Good luck with it! Let us know how it goes!
    2BigReds and Chasin Ponies like this.
         
        06-20-2014, 07:11 AM
      #17
    Yearling
    OP needs to get back to us on the model of the brake controller they are using. I suspect (as the OP touched on last) that it's simply an issue with rough braking due to a combination of a cheap improperly setup brake controller, and super-effective brand new trailer brakes.

    As others have suggested, taking a ride in the trailer is apt to be an enlightening experience as to what your horse might be upset about.

    A good quality proportional brake controller that is setup properly, as well as proper braking techniques for livestock hauling (agree with SueC above, your driving style means a LOT!) will probably alleviate a lot of the issues.

    The Tekonsha Voyager and Primus series are well regarded proportional controllers, and if you want top of the line, the P3 (the controller I have towed with coast to coast) is simply unbeatable.
    SueC likes this.
         
        06-20-2014, 09:23 AM
      #18
    Started
    Quote:
    Originally Posted by 2BigReds    
    Aren't horses extra sensitive to electricity, though? I think I read that from someone on HF not too long ago...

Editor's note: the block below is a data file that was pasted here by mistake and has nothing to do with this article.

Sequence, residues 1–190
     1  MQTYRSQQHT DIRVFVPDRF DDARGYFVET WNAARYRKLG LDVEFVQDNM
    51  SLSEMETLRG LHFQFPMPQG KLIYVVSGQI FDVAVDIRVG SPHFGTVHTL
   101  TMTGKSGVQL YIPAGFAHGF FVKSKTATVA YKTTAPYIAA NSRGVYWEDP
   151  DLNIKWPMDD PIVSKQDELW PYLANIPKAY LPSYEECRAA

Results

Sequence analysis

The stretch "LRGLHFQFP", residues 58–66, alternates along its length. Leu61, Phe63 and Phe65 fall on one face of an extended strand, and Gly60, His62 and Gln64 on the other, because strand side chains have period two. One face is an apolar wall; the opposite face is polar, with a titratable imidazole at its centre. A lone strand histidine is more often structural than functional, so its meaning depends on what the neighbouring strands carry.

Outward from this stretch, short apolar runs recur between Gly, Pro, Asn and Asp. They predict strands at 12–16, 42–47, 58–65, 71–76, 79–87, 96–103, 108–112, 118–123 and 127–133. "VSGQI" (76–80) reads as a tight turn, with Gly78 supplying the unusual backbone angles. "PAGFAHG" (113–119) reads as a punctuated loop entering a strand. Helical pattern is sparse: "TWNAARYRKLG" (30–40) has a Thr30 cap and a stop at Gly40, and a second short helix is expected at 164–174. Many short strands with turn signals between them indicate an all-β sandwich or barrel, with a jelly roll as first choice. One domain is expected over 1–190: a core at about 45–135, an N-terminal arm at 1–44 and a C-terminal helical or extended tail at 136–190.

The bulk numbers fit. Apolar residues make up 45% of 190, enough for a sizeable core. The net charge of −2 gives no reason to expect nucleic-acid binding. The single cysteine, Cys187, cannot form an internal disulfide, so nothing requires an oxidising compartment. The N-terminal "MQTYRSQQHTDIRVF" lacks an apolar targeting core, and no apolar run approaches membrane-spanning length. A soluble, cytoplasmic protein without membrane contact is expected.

I don't know, but it wouldn't surprise me. Dogs are way more able to sense smells than us, and have better hearing, for instance. A lot of the human brain is tied up in complex cognitive processing and we have kind of dull senses compared to some of the other mammals. Relatively good (daytime) vision though.

    One thing we can say for sure is that the horse's nose and muzzle area are very sensitive, and I wouldn't be surprised if they provided less resistance to small electrical shocks than the dry skin of a human arm. The thinner and moister the skin, the less electrical resistance.
    2BigReds likes this.
         
        06-20-2014, 09:26 AM
      #19
    Started
    Quote:
    Originally Posted by PrivatePilot    
    OP needs to get back to us on the model of the brake controller they are using.
    PP, I'm not very well versed in mechanics, would you mind explaining to me what a brake controller does and how it works?
         
        06-20-2014, 10:08 AM
      #20
    Yearling
    See the link I posted earlier in this thread In one of my previous responses. ;)